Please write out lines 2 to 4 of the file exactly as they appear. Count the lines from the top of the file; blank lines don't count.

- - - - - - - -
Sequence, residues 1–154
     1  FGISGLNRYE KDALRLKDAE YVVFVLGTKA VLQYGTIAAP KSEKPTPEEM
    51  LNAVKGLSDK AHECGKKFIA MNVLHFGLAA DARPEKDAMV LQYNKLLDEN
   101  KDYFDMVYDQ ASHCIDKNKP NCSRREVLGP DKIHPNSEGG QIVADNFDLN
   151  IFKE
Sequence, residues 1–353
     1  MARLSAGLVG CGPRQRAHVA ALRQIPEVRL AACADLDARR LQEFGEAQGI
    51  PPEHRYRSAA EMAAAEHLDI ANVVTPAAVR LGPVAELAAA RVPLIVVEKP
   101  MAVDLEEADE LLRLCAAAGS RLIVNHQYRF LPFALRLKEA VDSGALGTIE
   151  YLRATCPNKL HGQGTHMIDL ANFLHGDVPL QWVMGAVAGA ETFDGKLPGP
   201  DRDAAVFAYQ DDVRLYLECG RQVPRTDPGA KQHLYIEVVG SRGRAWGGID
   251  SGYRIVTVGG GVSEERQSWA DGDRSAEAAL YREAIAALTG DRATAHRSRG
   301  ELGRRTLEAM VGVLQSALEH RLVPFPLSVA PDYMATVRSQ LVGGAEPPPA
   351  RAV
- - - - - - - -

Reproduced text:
     1  FGISGLNRYE KDALRLKDAE YVVFVLGTKA VLQYGTIAAP KSEKPTPEEM
    51  LNAVKGLSDK AHECGKKFIA MNVLHFGLAA DARPEKDAMV LQYNKLLDEN
   101  KDYFDMVYDQ ASHCIDKNKP NCSRREVLGP DKIHPNSEGG QIVADNFDLN